Printed electronics is a method of using conventional printing equipment to create electrical devices on various substrates - Wikipedia

The printing of electronic functionality has enabled designers to embed technology into their designs, creating innovative components that are smarter, lightweight and wireless without the need for expensive and rigid silicon chips.

Typically this technology has been embedded into RFID (radio frequency identification device) tags used for tagging and tracking purposes. These electronic tags (circuits) contain data which can then be transmitted back to an antenna using radio frequency signals.

NFC is an emerging technology which goes one step further. An NFC chip, which is embedded into a device, operates as one part of a wireless link. Once it is activated by another chip, data can then be gathered and transferred between the two devices when held a few centimeters apart.

Digital Home

This technology is gathering momentum and London’s transport system has recently introduced a system that lets you use your NFC-enabled debit or credit cards on Oystercard readers and credit card providers Mastercard have said that they are working towards contactless payments in every terminal in Europe by 2020.

Printable electronics is moving from niche applications into more lucrative mainstream applications. One such application area is packaging. As the unit price for a printed electronic system falls, smart packaging is set to become a reality and may even evolve into what futurists are heralding as an ‘Internet of Packaging’. Brands, packaging companies and retails are all keen to embrace this technology for applications such as:

  • Anti-counterfeiting/brand protection
  • Consumer management
  • Logistics track and trace
  • Monitoring a pack’s contents

All of these functions can be frame within the umbrella term ‘smart packaging’ as a set of technologies that allow packaging to contain, evaluate and transmit relevant information.

The Future of Printed Electronics

Developments in smart and connected electronics applications are opening up significant new market opportunities in areas such as e-health, intelligent packaging and wearable technology. This technology is known as the ‘Internet of Things’.

The Internet of Things is a transformative development. Technologies that could allow literally billions of everyday objects to communicate with each other over the Internet have enormous potential to change all of our lives. - David Cameron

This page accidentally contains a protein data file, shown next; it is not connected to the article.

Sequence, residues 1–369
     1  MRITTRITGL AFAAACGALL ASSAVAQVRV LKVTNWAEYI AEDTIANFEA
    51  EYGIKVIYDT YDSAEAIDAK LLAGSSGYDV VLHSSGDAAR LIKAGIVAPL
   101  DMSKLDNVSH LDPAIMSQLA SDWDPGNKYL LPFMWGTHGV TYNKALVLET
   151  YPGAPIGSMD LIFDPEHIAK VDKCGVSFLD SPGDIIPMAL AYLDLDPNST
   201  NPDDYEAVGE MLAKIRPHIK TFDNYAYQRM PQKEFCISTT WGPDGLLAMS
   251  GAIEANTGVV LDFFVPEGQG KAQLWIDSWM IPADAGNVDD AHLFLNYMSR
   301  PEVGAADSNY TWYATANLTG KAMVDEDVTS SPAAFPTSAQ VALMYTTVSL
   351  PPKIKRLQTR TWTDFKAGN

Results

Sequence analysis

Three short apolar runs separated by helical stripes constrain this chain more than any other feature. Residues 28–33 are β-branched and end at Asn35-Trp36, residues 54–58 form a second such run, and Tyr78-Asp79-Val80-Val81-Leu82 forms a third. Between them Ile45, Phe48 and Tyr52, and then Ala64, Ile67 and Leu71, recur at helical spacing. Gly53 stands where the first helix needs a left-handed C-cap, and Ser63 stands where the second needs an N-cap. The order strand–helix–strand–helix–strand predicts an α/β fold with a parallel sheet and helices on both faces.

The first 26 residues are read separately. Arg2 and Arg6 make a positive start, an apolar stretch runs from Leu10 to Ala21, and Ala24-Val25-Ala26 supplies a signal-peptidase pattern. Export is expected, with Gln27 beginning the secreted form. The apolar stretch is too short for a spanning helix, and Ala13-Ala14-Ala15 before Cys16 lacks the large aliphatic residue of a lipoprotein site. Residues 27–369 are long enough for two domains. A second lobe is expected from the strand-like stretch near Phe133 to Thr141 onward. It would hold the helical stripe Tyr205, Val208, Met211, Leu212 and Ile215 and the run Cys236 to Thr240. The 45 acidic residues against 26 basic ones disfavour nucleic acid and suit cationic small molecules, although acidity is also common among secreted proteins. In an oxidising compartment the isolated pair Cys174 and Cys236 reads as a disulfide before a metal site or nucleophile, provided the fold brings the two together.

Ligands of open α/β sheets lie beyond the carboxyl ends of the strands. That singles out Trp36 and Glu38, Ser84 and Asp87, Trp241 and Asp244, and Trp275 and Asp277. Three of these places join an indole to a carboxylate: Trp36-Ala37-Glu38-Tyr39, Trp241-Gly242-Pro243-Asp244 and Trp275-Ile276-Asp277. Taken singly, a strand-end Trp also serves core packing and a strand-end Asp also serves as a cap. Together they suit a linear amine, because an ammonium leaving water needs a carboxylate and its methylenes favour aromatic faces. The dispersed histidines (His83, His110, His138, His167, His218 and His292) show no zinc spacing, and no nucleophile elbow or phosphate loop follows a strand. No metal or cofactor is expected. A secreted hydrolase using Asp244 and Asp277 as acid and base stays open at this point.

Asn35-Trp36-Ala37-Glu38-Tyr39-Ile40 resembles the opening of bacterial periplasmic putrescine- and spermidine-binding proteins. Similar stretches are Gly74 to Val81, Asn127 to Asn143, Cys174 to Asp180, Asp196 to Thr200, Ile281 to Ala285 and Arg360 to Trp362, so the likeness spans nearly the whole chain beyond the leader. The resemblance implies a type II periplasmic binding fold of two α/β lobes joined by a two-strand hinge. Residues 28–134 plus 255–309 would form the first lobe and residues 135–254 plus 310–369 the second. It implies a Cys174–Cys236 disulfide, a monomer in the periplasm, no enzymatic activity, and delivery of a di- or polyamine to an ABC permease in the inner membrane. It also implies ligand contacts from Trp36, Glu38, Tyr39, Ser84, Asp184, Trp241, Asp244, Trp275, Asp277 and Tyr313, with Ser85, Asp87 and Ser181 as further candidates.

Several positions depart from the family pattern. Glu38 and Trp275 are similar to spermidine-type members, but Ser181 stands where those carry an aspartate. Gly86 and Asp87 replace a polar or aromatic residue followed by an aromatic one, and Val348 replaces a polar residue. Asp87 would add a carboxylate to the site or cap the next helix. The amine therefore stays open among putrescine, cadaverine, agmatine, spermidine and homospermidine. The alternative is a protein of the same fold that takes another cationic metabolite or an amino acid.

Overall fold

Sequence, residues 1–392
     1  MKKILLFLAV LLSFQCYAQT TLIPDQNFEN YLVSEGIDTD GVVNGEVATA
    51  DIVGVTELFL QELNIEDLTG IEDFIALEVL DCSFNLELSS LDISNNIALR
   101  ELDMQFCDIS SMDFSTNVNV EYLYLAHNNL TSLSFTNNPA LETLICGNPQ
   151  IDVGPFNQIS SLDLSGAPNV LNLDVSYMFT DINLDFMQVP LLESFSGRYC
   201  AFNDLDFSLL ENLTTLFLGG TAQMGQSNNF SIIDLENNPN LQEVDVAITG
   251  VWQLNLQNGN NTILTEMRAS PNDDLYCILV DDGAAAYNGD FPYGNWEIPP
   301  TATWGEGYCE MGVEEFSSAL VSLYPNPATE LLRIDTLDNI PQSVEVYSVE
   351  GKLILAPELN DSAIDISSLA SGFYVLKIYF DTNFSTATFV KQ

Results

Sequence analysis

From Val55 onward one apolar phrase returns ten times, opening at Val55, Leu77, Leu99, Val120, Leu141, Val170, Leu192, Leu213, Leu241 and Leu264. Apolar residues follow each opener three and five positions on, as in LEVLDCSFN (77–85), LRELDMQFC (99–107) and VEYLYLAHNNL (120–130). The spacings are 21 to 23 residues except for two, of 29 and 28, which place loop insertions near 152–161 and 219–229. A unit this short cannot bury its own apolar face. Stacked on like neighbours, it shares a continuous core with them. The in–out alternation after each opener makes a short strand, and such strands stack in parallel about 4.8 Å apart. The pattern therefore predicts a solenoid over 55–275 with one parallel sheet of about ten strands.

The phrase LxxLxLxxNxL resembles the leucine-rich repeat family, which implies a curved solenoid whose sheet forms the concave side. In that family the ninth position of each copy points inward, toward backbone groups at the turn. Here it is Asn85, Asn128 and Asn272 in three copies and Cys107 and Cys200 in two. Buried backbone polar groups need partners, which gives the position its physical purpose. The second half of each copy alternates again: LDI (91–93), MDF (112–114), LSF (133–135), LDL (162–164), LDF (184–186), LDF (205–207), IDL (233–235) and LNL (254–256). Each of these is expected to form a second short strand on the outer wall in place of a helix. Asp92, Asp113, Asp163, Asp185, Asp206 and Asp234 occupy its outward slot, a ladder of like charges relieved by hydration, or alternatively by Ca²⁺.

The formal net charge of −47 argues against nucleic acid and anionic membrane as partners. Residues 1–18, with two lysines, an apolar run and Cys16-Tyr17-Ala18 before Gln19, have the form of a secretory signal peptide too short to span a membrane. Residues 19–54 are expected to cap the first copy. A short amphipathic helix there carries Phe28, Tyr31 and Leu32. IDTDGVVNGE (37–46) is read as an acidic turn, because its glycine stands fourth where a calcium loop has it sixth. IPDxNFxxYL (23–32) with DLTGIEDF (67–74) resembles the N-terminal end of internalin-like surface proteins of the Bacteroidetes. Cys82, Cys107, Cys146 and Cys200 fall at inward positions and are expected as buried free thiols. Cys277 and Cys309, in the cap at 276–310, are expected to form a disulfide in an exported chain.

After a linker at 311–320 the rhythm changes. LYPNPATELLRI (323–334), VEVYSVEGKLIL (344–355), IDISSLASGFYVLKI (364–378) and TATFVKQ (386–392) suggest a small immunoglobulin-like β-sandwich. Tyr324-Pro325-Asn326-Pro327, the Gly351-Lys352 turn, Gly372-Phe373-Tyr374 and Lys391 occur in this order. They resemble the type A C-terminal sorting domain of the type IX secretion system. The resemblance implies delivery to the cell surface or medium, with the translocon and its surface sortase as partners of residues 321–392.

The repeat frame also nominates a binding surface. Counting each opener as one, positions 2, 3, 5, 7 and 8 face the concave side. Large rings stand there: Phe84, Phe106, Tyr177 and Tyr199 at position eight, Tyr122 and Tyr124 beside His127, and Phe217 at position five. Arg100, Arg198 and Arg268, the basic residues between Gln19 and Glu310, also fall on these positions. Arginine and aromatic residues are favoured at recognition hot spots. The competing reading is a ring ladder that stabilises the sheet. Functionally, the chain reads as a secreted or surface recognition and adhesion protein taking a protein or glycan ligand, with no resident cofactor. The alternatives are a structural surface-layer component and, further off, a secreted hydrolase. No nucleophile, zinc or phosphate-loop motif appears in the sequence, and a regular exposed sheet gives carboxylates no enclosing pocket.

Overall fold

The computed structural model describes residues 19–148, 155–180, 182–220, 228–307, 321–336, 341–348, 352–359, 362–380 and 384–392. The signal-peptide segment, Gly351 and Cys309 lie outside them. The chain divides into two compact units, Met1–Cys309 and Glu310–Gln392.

The Internet of Things describes a world in which everyday physical objects or ‘things’ are embedded with electronics, sensors and connectivity which enable them to exchange data with the manufacturer, operator and/or other connected devices.

During 2008, the number of things connected to the Internet exceeded the number of people on earth. By 2020, there will be 50 billion things connected to the internet - Cisco

Although embedded computers have been able to communicate wirelessly for years the majority of these have been closed systems that are only able to communicate with a central computer. With the Internet of Things, devices are able to communicate with other devices. They have the ability to communicate through wireless technologies (such as RFID and NFC), are able to report on activities worldwide through sensors, and they can be controlled or accessed from anywhere in the world. The Cloud provides the power to store and exchange information, irrespective of location. We are able to:

  • connect to things simply by scanning them with our smartphone
  • monitor things remotely
  • manage things better, from traffic flows to use of energy within the home
  • control things, such as smart thermostats

The Internet of Things is NOT a fridge that can connect to the internet to allow you to place an order for shopping, there is no sensing or interacting by the network it is simply an interface. However, a fridge that talks to your washing machine and dishwasher and then communicates with the manufacturer to book a service for all of your appliances, is very much part of the Internet of Things.

The Internet is not a fridge
Connect 3

In the not too distant future we will be living in Smart Cities full of sensors what will help us improve our businesses, our lifestyle and the environment in which machines talk to machines. These technologies are a way of boosting productivity, helping to keep us healthier, making transport more efficient, reducing energy needs and making our home comfortable.

It is anticipated that by 2017 we will be using over 80 million wearable health sensors worldwide for sports and fitness. Currently around the globe 2.5 million patients already have medical monitoring devices. Making these devices smaller and smarter by connecting them to the internet could be a life saver.


For Smart Packaging

Phone and Bottle

  • Anti-counterfeiting/brand protection
  • Sensors for monitoring of food quality and safety
  • Logistics track and trace
  • Improve customer engagement


For Energy Efficiency


  • Smart meters
  • Data collection, managing energy patterns
  • Air quality / environmental monitor and control
  • Smart thermostat that can be controlled by your phone


For Smart Cities

Smart City Lights

  • Monitoring of parking spaces available in the cities and traffic jams
  • Monitoring of vehicles and pedestrian levels to optimize driving and walking routes
  • Intelligent and weather adaptive lighting in streetlights
  • Detection of rubbish levels in containers to optimize the rubbish collection routes

For eHealth

Medical Devices

  • Assistance for elderly or disabled people living independently, such as fall detection
  • Control of conditions inside fridges and freezers storing vaccines and medicines
  • Monitoring of conditions of patients in hospitals and old people’s homes